v/o Let us enter the TARDIS and return to a page in history
GRAMS: Dr Who music
Let us go back to the very start of the fifteen hundreds – fifteen-oh-nine if you want to be precise.
Part The First (or, He Was Henry the Eighth, He Was)
The miserly king, Henry the Seventh, was dead and his young and handsome son, Henry the Eighth ascended to the throne (as you can see we were going through another succession of Henry kings – similar to the French with their long line of Louis kings – if it hadn’t have been for the French revolution they’d have been up to King Louis the Soixante-Neuf by now).
The money that his father had scrimped and saved allowed the young Henry the Eighth to dabble in the old English pastime of warring with the French… or the Scottish… or both simultaneously. France at this time was being ruled by the even younger and even more handsome than Henry the Eighth, Francois le Une (that’s Francis the First, in English – his elder brother Louis having succumbed to the royal disease of dying before getting a number).
One-upmanship was rife.
Henry the Eighth, a little miffed at not being the youngest, most handsomest, most youngest monarch in Europe decided to be a patron to the arts. Music and literature had recently arrived hot foot from the Florentine Renaissance of years before and Henry decided to write music..
Greensleeves, serious literature (that one that the pope liked and gave him Fidei Defensor – Defender of the faith – Catholicism!), inventing a new English Religion (Protestantism – that the Pope didn‘t like quite so much) and even invent sporting games, such as tennis (that’s real tennis, not the imaginary game that is played today. There was an English singles winner at Wimbledon for 38 years running (1509-47) as long as Henry reigned, in fact (now there is just English rain at Wimbledon), but Henry the Eighth didn’t do so well in the doubles, as he had many problems with his partners.
And so in January Fifteen-Hundred and Forty-Seven, Henry the Eighth died, a mere two months before his rival and arch enemy Francis the First of France (but Henry the Eighth did beat Francis The First six wives to two (nowadays known as a ‘kingly win‘ in tennis. Henry was followed to the throne of England by his son Edward the Sixth (Henry’s son Henry had died beforehand, as had his other sons, Henry, Henry, Henry and Henry). Edward the Sixth managed to live just long enough to allow his half-sister, half-monster, Mary the First (who gave her name to the drink “I’ll have a Bloody Mary“) succeed him. Mary the First’s reign is remembered for her inviting a few Protestants round for supper and then burning the steaks (and the Protestants upon them), marrying a Spaniard (there are some things worse, but I’m not sure what) and then losing back to the French, Calais (our last remaining English outpost in France, if you don‘t include the Channel Islands, and who does?). Mary the First died after having ‘Calais’ tattooed on her heart (not a wise move in those far off days of leeches and the letting of blood.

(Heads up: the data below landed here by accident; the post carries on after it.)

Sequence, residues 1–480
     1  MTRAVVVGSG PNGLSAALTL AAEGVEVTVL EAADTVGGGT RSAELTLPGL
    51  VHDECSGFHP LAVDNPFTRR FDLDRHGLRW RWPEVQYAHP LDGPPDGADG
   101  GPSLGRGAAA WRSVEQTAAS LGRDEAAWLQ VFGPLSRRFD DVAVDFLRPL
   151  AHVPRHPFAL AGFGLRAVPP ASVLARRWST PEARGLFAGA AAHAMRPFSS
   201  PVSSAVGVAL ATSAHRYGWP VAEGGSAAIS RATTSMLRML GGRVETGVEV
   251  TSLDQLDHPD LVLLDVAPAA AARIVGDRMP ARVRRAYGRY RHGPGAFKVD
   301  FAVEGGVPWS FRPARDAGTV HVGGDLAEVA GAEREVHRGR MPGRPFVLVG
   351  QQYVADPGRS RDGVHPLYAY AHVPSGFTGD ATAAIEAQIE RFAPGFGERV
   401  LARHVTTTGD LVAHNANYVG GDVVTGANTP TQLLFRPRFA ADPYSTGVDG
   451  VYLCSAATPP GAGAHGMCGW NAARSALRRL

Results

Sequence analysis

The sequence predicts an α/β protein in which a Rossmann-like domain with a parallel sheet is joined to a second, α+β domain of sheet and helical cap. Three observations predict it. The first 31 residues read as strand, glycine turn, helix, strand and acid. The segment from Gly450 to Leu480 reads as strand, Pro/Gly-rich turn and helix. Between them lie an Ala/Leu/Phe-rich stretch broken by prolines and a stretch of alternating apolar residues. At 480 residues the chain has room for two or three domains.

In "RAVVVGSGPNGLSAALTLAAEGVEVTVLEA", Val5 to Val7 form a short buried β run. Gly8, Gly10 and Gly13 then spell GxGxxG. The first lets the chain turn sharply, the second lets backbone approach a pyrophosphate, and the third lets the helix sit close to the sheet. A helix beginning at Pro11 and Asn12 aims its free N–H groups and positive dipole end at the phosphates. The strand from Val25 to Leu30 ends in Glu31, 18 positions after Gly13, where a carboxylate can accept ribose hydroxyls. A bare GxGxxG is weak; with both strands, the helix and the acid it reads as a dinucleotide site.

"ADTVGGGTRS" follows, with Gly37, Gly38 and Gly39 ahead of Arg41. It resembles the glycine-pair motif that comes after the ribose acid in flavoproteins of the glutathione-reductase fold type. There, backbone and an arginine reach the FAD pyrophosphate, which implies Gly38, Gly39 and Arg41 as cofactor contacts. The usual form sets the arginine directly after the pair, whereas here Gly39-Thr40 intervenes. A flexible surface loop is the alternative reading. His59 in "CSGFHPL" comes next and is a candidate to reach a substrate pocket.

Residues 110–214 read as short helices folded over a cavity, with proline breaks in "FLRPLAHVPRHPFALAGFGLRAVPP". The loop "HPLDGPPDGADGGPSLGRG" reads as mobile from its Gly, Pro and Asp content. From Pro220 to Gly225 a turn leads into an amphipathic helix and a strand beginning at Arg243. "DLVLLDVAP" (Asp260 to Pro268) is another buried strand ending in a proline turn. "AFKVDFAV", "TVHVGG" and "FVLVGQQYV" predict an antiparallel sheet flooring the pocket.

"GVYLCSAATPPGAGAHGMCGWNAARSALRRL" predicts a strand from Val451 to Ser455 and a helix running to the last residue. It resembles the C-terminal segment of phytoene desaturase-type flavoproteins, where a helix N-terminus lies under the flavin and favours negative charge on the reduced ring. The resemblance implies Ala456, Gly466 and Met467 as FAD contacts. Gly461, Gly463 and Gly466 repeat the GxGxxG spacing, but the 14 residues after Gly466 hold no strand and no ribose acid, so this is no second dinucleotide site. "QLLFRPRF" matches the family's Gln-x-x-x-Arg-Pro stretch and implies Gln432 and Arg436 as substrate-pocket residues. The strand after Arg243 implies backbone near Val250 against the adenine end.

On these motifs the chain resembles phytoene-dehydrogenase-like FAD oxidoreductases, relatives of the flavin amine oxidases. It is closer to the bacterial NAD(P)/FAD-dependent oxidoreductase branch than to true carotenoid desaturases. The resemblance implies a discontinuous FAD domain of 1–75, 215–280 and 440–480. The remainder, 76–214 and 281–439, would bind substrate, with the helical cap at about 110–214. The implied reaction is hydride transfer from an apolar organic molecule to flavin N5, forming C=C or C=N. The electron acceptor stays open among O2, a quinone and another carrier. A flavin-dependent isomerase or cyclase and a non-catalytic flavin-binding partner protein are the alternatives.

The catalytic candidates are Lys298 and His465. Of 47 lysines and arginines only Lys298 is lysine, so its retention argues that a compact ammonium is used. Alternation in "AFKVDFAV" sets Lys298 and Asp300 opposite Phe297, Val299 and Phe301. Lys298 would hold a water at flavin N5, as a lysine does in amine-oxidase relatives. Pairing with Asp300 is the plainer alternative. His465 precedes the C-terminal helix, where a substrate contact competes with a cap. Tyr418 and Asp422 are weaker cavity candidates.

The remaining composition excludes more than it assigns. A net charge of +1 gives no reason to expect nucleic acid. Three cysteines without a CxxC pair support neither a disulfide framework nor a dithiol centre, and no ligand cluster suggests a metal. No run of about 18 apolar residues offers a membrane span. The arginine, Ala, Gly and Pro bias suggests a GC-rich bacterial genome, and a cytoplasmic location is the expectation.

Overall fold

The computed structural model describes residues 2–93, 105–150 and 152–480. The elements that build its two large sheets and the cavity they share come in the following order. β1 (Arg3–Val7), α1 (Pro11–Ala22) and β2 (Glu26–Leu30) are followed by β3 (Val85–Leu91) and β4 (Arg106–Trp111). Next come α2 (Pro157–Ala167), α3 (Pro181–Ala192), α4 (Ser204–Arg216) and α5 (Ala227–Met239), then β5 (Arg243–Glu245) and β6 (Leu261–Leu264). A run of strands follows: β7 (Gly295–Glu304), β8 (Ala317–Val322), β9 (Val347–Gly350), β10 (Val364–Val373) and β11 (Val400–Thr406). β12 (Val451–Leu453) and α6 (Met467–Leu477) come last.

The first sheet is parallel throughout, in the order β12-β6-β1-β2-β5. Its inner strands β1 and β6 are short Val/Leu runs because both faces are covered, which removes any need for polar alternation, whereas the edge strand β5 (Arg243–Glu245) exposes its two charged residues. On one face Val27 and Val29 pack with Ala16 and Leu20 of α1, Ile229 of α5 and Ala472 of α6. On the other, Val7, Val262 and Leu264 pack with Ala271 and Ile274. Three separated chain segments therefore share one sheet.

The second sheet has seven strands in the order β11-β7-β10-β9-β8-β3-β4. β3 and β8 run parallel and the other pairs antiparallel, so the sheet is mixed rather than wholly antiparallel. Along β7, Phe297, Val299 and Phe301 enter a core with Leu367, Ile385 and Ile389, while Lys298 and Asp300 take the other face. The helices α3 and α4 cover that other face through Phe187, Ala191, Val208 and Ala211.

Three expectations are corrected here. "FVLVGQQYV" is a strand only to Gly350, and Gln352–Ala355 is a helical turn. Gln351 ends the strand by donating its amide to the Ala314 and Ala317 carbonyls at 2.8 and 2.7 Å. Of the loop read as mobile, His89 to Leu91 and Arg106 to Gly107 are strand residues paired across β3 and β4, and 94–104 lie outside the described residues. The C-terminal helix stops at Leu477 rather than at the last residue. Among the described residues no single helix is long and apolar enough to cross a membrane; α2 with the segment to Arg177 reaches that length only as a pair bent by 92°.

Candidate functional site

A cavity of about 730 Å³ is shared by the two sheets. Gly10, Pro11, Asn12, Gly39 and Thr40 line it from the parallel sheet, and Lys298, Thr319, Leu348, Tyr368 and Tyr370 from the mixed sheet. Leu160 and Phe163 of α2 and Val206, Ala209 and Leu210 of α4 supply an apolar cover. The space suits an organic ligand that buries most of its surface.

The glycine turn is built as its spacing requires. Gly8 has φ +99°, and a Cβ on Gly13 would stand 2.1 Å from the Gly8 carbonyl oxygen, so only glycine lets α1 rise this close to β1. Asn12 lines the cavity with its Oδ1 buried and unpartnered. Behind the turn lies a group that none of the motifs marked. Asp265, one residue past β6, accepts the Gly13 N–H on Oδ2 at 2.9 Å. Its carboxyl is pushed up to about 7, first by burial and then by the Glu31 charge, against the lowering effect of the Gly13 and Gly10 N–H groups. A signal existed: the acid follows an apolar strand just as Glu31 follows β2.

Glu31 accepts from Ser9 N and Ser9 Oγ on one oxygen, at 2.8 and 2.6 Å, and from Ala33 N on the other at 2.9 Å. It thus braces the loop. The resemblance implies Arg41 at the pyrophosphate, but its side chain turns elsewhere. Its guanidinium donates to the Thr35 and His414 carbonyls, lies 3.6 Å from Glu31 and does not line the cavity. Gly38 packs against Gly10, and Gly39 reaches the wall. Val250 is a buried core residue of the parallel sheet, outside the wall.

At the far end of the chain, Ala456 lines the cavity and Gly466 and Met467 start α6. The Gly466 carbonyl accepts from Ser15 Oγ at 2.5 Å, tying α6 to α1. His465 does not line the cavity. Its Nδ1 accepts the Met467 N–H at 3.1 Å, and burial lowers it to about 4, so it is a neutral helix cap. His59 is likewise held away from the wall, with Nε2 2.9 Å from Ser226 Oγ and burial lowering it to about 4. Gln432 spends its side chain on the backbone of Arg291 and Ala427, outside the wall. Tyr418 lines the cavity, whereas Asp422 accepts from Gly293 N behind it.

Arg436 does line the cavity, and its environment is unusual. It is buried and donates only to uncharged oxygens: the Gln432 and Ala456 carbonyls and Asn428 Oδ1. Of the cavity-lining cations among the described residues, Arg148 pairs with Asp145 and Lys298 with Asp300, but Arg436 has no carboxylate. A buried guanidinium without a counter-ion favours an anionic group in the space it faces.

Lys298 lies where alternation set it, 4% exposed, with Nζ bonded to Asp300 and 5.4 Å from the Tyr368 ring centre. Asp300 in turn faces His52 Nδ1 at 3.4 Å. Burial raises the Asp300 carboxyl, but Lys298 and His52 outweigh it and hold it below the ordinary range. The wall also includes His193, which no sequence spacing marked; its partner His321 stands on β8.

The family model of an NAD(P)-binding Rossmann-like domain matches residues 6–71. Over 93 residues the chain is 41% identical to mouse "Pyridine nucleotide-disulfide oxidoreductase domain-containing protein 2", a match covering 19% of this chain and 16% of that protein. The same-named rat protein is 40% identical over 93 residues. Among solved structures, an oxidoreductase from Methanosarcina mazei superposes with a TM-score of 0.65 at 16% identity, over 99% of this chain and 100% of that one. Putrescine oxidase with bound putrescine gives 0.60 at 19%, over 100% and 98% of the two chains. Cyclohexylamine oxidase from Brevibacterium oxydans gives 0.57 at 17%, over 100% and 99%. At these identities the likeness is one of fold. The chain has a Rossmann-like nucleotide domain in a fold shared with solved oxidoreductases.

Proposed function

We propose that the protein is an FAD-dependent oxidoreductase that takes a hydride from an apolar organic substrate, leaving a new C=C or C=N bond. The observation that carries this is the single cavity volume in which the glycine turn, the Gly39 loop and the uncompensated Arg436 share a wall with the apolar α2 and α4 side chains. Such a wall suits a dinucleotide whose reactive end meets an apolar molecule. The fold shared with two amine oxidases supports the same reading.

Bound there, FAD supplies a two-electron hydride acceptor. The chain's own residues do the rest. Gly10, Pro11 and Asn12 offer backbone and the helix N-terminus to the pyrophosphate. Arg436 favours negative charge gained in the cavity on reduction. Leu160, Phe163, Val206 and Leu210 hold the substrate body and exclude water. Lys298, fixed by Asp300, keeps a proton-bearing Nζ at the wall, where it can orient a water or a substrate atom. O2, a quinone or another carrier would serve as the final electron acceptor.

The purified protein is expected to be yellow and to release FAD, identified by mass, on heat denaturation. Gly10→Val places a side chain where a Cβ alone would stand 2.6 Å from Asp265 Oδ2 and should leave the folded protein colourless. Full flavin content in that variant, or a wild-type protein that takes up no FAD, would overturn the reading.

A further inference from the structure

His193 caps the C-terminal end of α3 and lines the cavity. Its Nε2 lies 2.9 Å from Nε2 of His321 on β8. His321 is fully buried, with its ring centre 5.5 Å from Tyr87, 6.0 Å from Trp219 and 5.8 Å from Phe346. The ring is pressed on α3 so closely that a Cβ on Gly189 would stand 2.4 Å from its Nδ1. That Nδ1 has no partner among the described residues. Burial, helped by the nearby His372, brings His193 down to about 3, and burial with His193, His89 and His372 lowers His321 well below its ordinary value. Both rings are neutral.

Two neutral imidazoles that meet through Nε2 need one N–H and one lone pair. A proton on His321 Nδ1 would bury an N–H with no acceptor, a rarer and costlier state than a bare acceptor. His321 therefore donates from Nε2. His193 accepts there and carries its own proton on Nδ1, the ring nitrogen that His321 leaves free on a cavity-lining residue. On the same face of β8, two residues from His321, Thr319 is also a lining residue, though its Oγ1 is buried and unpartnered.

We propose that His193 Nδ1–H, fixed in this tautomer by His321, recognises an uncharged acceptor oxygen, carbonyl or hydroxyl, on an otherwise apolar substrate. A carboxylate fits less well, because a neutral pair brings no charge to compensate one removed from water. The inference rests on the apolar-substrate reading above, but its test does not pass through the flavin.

Then came Gloriana to the throne, Our first Queen called Elizabeth, our ‘Virgin’ queen (allegedly), and just at the right time for the Golden Age, too. War with France and Scotland was stopped immediately, and war with Spain was assumed for a change. Single-handedly, Queen Elizabeth the First destroyed the Spanish Armada and sent Philip the Second of Spain back to Cadiz with a singing beard.
Thus began a time of peace and happiness in the land. Frivolities such as the theatre became popular and from out of the soldiery came one of the greatest playwrights that the world will ever know.
Part the Second (or Where There’s A Will There’s A Play)
His story is somewhat sketchy, but here is my version of events.
Born in Warwickshire in 1564 of humble origins, William Shakespeare was a youth of many talents. He could read and write fluently by the age of five, loved to listen to the old songs (mainly Greensleeves, if truth be known) and recite old and curiously spelt poetry at the drop of a hat (albeit an Elizabethan hat). So William was destined to be a great… soldier. One day, during the threat of the Spanish Armada) whilst camped at Beachy Head, William was there on lookout duty, spear at the ready, when a conversation with a colleague was struck. Here is that imagined conversation in part.
Will: Doust thou thinkest that the Warre Shalt be done by Christmas, my colleague?
Coll: That’s wot they are saying back at the barracks.
Will: Oh woest me that I shalt not see my family (and my second best bed) again, if we do not defeat the hosts of Spain.
Coll: Yes, right!
Will: I shallst shake my spear at the evil foe, and be gone the Spaniard from our shores.
Coll: If you must.
Will: There ‘tis done.
Will: my colleague?
Coll: (warily) Yes?
Will: Shall I compare thee to a summer’s Day?
Coll: I’d rather you didn’t
Will: Well I am a writer, not a fighter!
And so, with William Shakespeare, single-handedly defeating the Spanish Armada, a career move was decided upon, and ten years later William Shakespeare became an overnight sensation.
William Shakespeare’s story continued beyond the Sixteenth Century, but that Will, will be spoken of at a later date.
Elizabeth the First reigned for 43 years (reigning almost as much as you’d get on a long weekend in Birmingham) and William Shakespeare, the Swan of Avon, was Bard (from all the public houses in Stratford, and then from all the wine bars in affluent (and oftentimes effluent) London.
When Queen Elizabeth the First died in the year sixteen-hundred and three, her father’s, elder sister’s, son‘s, son‘s son, James the Sixth, King of Scotland, became King James the First of England as well.
But that story lies ahead in the Sixteen-hundreds – otherwise known as “The Seventeenth Century“.